710 S Santa Fe Ave., Arts District
It’s as improbable as it is genius: Take an Arts District firehouse that was built in 1927 and served for half a century as a firehouse and transform it into a hipster paradise. That’s the general story behind the Firehouse Hotel. From the outside, it’s still a 1927 firehouse, but inside, it’s everything but. Rooms are unique and lofty and named for colors. The Black Room is especially intriguing. The restaurant plays all the greatest hits (classic burger and fries, whole branzino, etc.), and every detail—from the firepit to the bistro lights to the industrial bar—is a study in design as atmosphere.
707 E. 4th Pl., Arts District
EightyTwo is a bar, but the drinks are more like a bonus here. The real draw: one room full of quarter-operated classic video games and another dedicated to the great game of pinball. Rotating food trucks make regular stops in the back courtyard, so you can take a break in the middle of a Pac-Man tournament.
923 E 3rd St., Arts District
Like many of LA’s most hard-won reservations, Nightshade is sequestered down a quiet, need-to-know-it-to-find-it Arts District alley. Chef Mei Lin’s firstborn restaurant combines punchy Chinese flavors with Cali comfort food—beautifully prepared, bursting-with-freshness vegetables—and the results had us booking our next meal before the first was over. Lin’s staple dish is a snug layering of egg noodles, pork ragù, and silky tofu cream. If you crave heat, order the Szechuan hot quail served over a thick piece of Japanese milk bread—it tastes like the best chicken sandwich of your life but better.
1331 E. 6th St., Arts District
The word on Officine Brera hasn’t quite gotten out yet. Maybe it’s the location, almost hidden in a warehouse building in an industrial pocket of the Arts District—you need to know it’s there to find it. Angelo Auriana and Matteo Ferdinando, who run this place, grew up in Italy’s Po Valley and, fittingly, serve no-nonsense, traditional Northern Italian trattoria food. In short: Officine Brera is the real deal. A simple, unfussy interior and sensational food. Come hungry and order the beef carpaccio, drizzled in a grassy, green olive oil to start. The stinchetto—a big hunk of falling-off-the-bone pork shank on a bed of polenta—is ideal for three people to pull apart. Then the dumpling dishes: The capunsei are made with ricotta, the pisarelli with bread, and the gnocchi with potato. Oenophiles will appreciate the breadth of the wine list, full of the heavy-hitting Barolo and Amarone bottles alongside more unusual, small-production labels.
816 S. Broadway, Arts District
Gentle Monster has finally brought their long-awaited, avant-garde style eyewear to the West Coast with a new concept store meets gallery space in DTLA.
1855 Industrial St., Arts District
The authenticity of this Belgium beer bar runs so thick it makes us feel as though we're grabbing a pint in Brussels rather than DTLA.
300 S. Santa Fe Ave., Arts District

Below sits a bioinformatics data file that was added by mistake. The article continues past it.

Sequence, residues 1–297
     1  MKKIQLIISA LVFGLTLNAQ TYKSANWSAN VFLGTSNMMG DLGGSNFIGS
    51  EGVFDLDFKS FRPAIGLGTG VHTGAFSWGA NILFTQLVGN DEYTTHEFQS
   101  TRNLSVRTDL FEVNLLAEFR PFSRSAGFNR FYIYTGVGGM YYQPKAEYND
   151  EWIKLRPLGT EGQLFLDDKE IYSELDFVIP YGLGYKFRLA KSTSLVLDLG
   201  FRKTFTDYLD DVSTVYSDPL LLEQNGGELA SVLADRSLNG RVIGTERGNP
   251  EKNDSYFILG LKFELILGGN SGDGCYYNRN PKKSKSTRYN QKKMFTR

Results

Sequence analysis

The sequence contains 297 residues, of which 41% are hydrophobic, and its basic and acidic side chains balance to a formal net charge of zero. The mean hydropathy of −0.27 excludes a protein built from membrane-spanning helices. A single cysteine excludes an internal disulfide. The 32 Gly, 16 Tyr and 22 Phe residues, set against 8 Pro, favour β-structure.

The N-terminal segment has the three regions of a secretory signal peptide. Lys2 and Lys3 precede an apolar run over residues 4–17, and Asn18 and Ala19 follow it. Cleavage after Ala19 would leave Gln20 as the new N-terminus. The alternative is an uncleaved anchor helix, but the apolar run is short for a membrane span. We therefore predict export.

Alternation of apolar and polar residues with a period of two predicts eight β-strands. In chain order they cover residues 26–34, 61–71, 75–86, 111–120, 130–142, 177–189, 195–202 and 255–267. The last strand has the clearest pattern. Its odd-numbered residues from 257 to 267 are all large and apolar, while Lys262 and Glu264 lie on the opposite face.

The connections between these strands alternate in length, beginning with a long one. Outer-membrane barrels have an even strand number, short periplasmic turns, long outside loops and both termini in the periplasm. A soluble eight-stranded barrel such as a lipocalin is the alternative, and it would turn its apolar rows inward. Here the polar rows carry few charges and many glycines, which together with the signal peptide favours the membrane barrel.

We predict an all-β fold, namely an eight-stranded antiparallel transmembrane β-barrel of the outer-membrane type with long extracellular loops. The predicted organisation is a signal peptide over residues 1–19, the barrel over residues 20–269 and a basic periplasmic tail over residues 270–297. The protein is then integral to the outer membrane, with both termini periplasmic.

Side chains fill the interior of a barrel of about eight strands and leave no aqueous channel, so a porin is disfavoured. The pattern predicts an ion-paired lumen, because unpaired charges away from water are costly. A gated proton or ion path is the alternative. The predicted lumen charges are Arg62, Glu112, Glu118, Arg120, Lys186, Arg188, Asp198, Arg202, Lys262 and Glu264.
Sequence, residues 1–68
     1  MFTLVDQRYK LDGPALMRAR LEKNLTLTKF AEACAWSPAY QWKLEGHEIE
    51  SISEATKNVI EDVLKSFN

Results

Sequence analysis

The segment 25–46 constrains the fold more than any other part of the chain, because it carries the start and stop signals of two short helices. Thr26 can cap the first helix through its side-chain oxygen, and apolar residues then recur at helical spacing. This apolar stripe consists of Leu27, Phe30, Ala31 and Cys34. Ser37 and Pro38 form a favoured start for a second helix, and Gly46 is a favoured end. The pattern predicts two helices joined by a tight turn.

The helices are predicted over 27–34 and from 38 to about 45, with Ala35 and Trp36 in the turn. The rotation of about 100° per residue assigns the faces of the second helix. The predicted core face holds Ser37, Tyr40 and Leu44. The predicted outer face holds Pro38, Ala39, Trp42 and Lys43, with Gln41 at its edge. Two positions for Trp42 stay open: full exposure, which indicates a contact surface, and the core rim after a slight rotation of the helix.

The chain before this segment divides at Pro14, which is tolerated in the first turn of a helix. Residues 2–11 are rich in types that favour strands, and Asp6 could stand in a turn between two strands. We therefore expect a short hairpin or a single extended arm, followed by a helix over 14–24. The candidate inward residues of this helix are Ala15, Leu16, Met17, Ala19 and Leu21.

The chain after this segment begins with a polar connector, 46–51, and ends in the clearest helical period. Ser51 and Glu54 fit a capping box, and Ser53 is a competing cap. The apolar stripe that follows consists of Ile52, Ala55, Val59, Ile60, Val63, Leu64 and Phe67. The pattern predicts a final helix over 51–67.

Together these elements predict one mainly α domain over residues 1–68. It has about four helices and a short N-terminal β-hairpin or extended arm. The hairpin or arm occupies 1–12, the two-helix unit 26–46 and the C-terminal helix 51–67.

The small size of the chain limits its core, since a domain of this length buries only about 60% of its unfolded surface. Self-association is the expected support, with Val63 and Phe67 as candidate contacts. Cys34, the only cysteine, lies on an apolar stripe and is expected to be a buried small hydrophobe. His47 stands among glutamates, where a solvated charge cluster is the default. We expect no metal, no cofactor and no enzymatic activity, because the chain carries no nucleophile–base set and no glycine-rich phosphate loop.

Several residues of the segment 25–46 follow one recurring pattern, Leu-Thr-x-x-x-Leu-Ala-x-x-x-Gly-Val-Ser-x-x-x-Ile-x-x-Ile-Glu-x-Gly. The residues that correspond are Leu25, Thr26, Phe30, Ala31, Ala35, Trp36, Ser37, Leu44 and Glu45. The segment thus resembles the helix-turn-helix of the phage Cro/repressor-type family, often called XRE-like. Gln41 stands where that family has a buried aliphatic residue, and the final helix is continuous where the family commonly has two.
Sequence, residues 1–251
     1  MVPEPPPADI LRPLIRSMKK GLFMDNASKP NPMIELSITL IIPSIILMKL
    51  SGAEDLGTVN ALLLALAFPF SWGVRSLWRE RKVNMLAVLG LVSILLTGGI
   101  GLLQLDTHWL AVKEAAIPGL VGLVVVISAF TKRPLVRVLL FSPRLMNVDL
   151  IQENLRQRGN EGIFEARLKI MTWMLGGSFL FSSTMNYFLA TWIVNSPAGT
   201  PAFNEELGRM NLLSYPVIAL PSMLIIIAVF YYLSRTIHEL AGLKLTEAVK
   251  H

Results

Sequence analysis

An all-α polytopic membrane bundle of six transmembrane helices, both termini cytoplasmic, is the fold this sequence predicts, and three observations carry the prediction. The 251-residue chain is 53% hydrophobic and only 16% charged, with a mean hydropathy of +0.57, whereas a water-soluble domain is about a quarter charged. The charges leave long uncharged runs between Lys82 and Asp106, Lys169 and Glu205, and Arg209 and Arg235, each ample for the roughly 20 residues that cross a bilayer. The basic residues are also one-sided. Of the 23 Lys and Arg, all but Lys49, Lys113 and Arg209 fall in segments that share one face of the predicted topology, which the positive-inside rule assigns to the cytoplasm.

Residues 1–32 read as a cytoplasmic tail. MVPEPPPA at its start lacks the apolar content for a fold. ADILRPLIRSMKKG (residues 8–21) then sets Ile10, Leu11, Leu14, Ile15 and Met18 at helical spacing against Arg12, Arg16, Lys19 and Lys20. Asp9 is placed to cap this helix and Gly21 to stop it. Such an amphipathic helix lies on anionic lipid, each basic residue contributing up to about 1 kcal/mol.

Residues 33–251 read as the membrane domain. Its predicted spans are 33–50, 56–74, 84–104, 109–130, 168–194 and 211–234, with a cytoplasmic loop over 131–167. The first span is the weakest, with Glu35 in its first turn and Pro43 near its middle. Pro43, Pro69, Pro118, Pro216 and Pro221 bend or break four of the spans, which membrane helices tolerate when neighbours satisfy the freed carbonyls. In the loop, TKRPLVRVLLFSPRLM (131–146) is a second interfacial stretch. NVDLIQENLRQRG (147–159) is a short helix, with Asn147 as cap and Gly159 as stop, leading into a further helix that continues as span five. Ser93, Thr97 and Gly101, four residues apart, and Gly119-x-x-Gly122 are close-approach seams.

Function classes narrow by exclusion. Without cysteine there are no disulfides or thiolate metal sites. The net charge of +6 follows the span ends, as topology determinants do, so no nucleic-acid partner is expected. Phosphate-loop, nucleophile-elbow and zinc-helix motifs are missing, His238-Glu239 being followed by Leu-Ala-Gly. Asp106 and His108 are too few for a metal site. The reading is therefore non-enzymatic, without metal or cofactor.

Whether you’ve had Van Leeuwen on the streets of Brooklyn or parked up on Abbot Kinney, it’s instantly recognizable by its sunny yellow truck. They’re particularly famous for their vegan ice cream, a combination of cashew milk, coconut milk, cocoa butter, and carob beans that’s incredibly creamy and indulgent (and a major victory for the dairy-sensitive). They’ve got a few locations now: Greenpoint, Boerum Hill, and Williamsburg in Brooklyn; the East and West Villages in Manhattan; and the Arts District and Culver City in LA. You can always track their many food trucks on their website.
Silver Lake Wine Downtown
1948 E. 7th St., Arts District
Inarguably the best wine shop on the East side, Silver Lake Wine is quickly becoming an institution. The no-frills shop brings all of the benefits of an upscale wine shop (read: a world-class buy) with none of the fuss as you'll find the staff to be knowledgeable, but friendly and down-to-earth. It's also an important community asset—the original location on Glendale hosts wine tastings all week long, meaning that the community of East-side oenophiles is growing quickly.
374 E. 2nd St., Arts District
A testament to owners (and real-life couple) Ted Vadakan and Angie Myung’s creativity and taste, this color-happy shop in Little Tokyo somehow manages to look entirely different from visit to visit. While the core categories—home décor, stationery, accessories, and kids—stay the same, the assortment is constantly updated to keep up with the latest and greatest in design and still meet Poketo’s playful aesthetic. Expect to find Japanese stationery, tabletop pieces from Danish firm HAY, beautiful art books, and so much more. There's also a sister location in Culver City and in The Line Hotel.
661 Imperial St., Arts District
The Arts District is experiencing a major resurgence right now, and the Urban Radish, by far the best place in the area to pick up groceries, was one of the linchpins that made it possible. From the hydroponic herbs out front to the street art decorating the walls outside, it's the kind of place that feels very of the neighborhood. The family-owned spot stocks its shelves with gorgeous, locally sourced produce, and there's a sizeable butcher and cheese shop in the back, behind rows of pantry staples. The adorable eatery offers three hyper-fresh meals per day, which can also be ordered for takeout or delivery for a night in or office lunch. Plus, don't leave without cruising through the well-curated wine shop in the corner.
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